How to survive a Chicago winter

An example of “parking dibs” on a Chicago street.
An example of "parking dibs" on a Chicago street. Flickr/meryddian
An example of “parking dibs” on a Chicago street.
An example of "parking dibs" on a Chicago street. Flickr/meryddian

How to survive a Chicago winter

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Chicago has long been dubbed “The City that Works,” come Snowpocalypse or high water.

Our springs begin late with constant drizzle, melting in to hot summers that end too soon. The crisp bliss of fall is even more agonizingly brief, with winter nipping at November, setting its icy talons by Black Friday, and casting an inescapable grey pallor over the city from December through March.

Chicagoans then transition into their preferred roles. For example:

  • the homebody hermit, resurfacing on New Years Eve after weeks spent in hibernation.
  • the dark-puffy-coat-wearer, slogging begrudgingly through the snow alongside identically dressed, equally miserable-looking michelin men.
  • the person who travels to get away from Chicago.
  • the superhuman cyclist, who takes pride in the fact that everyone else thinks he or she is ‘crazy.’

Low temperatures vary from year to year, usally averaging somewhere between barely tolerable and bitterly excruciating. Still, whether you’re a fear-stricken newcomer to the Midwest or a seasoned Chicagoan already worrying that this winter will smack us harder than the last, take heart: you can still go outside and have fun.

This will my fourth Chicago winter, and I’ve learned a great deal since that first Snowmaggedeon tested my Southern naivety (I used to think that 30 degrees was “cold”) and toughened me up for the years that followed.

Here are a few tips that I’ve picked up along the way:

Wear layers upon layers.

Outsiders are aghast by horror stories of “lake effect” and wind chill; but thankfully, Chicagoans know that protection exists in the form of layers. We also know that many establishments tend to overcompensate for the winter cold by cranking up the heat, meaning that you will be grateful for the lightweight shirt tucked under your other layers that you can strip down to once inside.

I’m particularly fond of smart button-down shirts under cosy sweaters, hooded parkas or bomber jackets lined with faux fur or sheepskin, floral skirts over wool tights, chunky scarves to shield one’s face from the cold, and soft cashmere cardigans for every holiday party.

Cotton is a poor choice for winter clothing material due to its high thermal conductivity, so choose synthetic fibers (polyester blends, microfiber, fleece) or wool instead.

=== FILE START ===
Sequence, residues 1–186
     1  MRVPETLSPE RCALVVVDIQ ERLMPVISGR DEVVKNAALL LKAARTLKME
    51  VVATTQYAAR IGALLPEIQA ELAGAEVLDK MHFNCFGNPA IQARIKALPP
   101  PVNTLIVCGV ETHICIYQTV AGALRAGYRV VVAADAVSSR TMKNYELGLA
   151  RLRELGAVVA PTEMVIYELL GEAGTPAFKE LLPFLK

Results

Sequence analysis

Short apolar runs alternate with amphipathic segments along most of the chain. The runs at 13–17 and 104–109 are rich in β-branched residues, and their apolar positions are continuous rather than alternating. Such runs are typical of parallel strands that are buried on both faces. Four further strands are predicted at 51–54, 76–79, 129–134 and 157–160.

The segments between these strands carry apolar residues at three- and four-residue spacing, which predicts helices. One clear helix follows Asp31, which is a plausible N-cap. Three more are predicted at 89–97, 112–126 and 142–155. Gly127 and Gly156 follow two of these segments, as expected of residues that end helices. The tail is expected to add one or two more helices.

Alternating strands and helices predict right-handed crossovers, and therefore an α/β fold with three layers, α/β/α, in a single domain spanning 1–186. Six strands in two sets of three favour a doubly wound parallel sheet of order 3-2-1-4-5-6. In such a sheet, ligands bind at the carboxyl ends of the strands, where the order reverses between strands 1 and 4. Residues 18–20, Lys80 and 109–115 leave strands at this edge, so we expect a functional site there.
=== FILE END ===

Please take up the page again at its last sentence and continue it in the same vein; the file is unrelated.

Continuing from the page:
Make sure that your boots are snow-resistant.

When you’re out shopping for that perfect pair of oh-so-fashionable winter boots, remember that sustainability trumps style. Will these chic ankle boots turn my feet into moisture sponges as soon as I step outside? Will these department store boots persevere through months upon months of winter trudging? Will that slender heel get stuck in the snow? Always ask yourself these questions before buying a pair, and look for styles that go at least halfway to your knees.

Don’t even think about wearing Uggs, either. The Chicago slush will destroy them. (And they went out of style circa 2006.)

Cover your head and hands.

Hats and gloves may be superfluous accessories in warmer climates (I see you, ironic hipsters wearing beanies and fingerless mittens at 70 degrees) but not in Chicago. Here, you can use them for their intended purpose and look like an Urban Outfitters model at the same time.

Respect “parking dibs.”

New to Chicago? Allow me to explain the rules of “parking dibs.”

During snow season, Chicagoans put various junk items on the street (usually chairs, sometimes large bins or cinder bocks) on their shoveled-out parking spaces to deter other drivers from taking their spot.

Legend has it that this practice began during the Chicago Blizzard of 1967, when 23 inches of snow fell in 29 hours, and cemented its status during the infamous winter of 1979, when almost 90 inches of snow collapsed the CTA. However, according to the Chicago Tribune’s Eric Zorn, the term “dibs” was first applied in this context by John Kass in 1999, and has since spread elsewhere.

Now, “dibs” is called even during the most minor of snow days, prompting many disgruntled neighbors to question the fairness of a tradition not officially sanctioned by the city. More information on the rules of this amusing and baffling saga can be found here.

My two cents? Never move the chair. Just don’t.

Carry a flask.

I suggest a good bourbon whiskey or scotch. Sip responsibly for extra warmth.

Go out to stay in.

Your friends may not be as keen to go bar-hopping as they were in June, but the promise of spending all night indoors (and still having a good time!) should be enough to lure them outside for a quick commute. Whether it be a trivia grandslam at your neighborhood pub, a show at the Empty Bottle, an all-night dance party at Smart Bar, or a night of drinking and white elephant gift-giving at your apartment, fun can still be had by all.

Leave your coat at the door (this is where those layers come in handy!) and rock that ugly Christmas sweater. ‘Tis the season.

What are your Chicago winter survival tips?

Leah Pickett writes about popular culture for WBEZ. Follow her on Twitter @leahkpickett.